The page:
This Van Helsing review contains spoilers.
Van Helsing Season 1 Episode 3
Sometimes it’s difficult to know just who to trust. The power of Van Helsing’s third episode “Stay Inside” resides in the burden each member of the core group carries as the outside world creeps closer, forcing them to make some difficult choices. Watching the pieces begin to fall into place, some painful truths must be accepted, while others are simply too horrific to face.
The main thrust of “Stay Inside” centers on the crumbling social contracts that enable civilization to function, and while it’s undoubtedly safer to remain inside the hospital building, the emotional and physical stress begins to take its toll. Vanessa worries about her standing in the group and with good reason, since the others now view her presence as a liability. Staying put no longer remains an option.
It doesn’t take long for the group members to recognize that there’s something about Vanessa that puts them in even more danger than they’re already in, and it comes as no surprise that they discuss whether or not to turn her over to the Feeders. However, though Axel tenuously remains in charge, the group’s power structure begins showing its cracks after the civilians question his decisions regarding their safety and Vanessa’s status. While we’ve seen this military vs civilians conflict before, most notably in Battlestar Galactica and Stargate Universe, Sam and Mohammed’s support of his authority, leaves Axel secure for the moment.
The relationship between Sam and Mohammed bears watching as they continue to play a vital role in preventing the group from devolving into anarchy as Sam’s physical presence and level head blend perfectly with the zeal of his young companion. It’s fascinating to watch Mohammed’s willingness to put himself in danger for the group’s benefit, which invariably forces Sam to rein in his impetuous protege when he goes too far. This is a pair to keep an eye on moving forward, as Axel’s cold, calculating demeanor begins wearing thin on the others.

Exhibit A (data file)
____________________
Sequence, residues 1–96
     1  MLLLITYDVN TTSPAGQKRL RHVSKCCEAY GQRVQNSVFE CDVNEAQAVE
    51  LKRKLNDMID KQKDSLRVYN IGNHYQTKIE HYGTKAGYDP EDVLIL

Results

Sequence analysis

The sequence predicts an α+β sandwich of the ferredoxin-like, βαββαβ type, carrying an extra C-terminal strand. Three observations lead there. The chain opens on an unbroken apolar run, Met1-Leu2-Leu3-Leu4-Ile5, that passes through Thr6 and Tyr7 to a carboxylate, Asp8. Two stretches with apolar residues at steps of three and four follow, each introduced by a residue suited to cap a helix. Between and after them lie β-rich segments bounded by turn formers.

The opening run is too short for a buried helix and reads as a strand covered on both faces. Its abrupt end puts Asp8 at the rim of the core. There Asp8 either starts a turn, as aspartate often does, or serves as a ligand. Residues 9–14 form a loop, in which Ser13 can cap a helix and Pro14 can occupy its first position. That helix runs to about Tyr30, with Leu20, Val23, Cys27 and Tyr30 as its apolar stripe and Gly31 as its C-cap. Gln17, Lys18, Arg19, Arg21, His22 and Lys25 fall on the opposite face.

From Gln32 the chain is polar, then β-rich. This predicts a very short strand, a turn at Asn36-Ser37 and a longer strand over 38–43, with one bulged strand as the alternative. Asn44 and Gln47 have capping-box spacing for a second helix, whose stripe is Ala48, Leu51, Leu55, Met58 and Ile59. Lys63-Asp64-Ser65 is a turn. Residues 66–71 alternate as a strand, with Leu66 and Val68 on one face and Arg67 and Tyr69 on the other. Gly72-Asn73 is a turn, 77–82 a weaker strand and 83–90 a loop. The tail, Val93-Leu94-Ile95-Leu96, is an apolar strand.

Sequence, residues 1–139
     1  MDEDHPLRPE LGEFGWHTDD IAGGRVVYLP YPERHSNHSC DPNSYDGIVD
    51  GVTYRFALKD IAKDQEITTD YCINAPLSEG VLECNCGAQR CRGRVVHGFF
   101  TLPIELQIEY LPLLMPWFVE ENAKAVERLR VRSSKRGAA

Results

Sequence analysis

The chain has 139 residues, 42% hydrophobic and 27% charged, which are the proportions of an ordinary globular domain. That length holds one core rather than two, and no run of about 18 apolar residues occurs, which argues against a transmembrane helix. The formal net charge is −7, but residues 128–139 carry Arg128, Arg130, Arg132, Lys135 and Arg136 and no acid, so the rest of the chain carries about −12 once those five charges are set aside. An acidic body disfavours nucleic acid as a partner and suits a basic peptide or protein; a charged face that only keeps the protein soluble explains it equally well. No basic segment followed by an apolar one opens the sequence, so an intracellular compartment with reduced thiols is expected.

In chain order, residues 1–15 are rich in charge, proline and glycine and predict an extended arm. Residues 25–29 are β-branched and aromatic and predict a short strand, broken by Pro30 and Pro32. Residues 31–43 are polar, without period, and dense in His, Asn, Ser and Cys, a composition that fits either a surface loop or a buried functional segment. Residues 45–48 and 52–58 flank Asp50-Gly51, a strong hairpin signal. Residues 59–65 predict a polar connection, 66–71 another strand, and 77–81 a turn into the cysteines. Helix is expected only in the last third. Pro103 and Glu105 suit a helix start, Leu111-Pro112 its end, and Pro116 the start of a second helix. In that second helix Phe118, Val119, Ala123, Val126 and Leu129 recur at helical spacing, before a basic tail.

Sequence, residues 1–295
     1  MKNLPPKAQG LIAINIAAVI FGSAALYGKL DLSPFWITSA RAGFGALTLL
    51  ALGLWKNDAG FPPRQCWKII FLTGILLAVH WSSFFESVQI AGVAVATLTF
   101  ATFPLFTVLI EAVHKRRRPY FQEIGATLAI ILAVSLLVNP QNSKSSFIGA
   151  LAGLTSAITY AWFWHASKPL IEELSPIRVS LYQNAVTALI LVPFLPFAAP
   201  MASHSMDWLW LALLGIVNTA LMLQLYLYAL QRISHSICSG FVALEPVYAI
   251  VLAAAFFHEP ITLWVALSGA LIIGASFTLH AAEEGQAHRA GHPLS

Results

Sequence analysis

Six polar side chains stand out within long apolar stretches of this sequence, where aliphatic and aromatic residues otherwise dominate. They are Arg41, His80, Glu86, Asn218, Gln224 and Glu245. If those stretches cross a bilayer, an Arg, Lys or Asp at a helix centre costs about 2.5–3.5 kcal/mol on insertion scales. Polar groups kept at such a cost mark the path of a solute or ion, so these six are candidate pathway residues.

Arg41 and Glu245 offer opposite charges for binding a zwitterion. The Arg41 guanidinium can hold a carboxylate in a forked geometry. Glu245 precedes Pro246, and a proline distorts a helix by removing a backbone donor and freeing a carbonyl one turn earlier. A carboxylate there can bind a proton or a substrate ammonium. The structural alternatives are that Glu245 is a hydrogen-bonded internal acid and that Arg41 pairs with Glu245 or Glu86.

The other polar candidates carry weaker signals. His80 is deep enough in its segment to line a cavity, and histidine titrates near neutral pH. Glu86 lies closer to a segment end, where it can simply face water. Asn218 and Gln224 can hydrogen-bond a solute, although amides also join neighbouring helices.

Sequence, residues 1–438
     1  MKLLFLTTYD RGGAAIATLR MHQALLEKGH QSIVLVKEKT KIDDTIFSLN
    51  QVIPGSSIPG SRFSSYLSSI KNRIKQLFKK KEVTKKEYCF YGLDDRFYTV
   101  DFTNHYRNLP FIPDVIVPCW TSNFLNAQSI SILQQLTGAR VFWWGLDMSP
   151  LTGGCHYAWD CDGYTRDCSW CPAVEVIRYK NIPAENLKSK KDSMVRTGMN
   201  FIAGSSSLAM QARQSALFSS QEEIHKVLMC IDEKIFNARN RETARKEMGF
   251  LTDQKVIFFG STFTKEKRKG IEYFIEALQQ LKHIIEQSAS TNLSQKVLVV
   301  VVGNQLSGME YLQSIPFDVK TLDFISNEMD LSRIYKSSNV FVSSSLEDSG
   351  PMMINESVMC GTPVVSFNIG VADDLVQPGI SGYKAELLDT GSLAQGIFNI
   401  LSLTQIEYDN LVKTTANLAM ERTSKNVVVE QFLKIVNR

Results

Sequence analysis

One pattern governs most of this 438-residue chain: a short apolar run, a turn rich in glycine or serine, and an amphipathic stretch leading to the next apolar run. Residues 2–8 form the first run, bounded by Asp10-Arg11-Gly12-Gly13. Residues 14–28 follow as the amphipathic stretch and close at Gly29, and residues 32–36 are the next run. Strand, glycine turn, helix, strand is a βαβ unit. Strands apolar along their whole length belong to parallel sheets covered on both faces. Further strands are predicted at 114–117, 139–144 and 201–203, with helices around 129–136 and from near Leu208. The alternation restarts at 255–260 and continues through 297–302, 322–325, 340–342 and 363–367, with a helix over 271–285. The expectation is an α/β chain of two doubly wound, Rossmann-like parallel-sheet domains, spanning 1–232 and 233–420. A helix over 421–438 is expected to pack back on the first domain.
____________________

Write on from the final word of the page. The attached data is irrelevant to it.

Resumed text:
John continues to be a problem and oversteps when he tries to surrender Vanessa to a group of Feeders (the Enclave?) in return for his wife who is being tortured by them. He snatches Axel’s gun, but the marine quickly recovers and promptly executes John’s wife before the ensuing struggle sends their power generating windmill toppling over. It appears that Axel’s intention is to put her out of her misery before things get really gruesome, but her husband understandably doesn’t see it that way. As painful as it may be to acknowledge, is it possible that her death turns out to be Axel’s retribution for John challenging his authority? Now, both Vanessa and Axel must sleep with one eye open.
For all of that, perhaps the most intriguing aspect of this episode’s arc involves individuals forced to deal with the consequences of their actions moving forward in the vampire apocalypse. The introduction of Flesh to the group reminds us that much of the horror comes from within despite a fixation on the Feeders and other obstacles wrought by the holocaust. Is there anything more unspeakable than a man coming home and killing his family? Here, the writers make the decision to leave it to our imaginations and not show us a just-home-from-work Flesh feeding off his terrified daughter and her younger sibling. We don’t learn the reason he spares his wife, but her presence compels him to acknowledge the depth of depravity to which he’s fallen.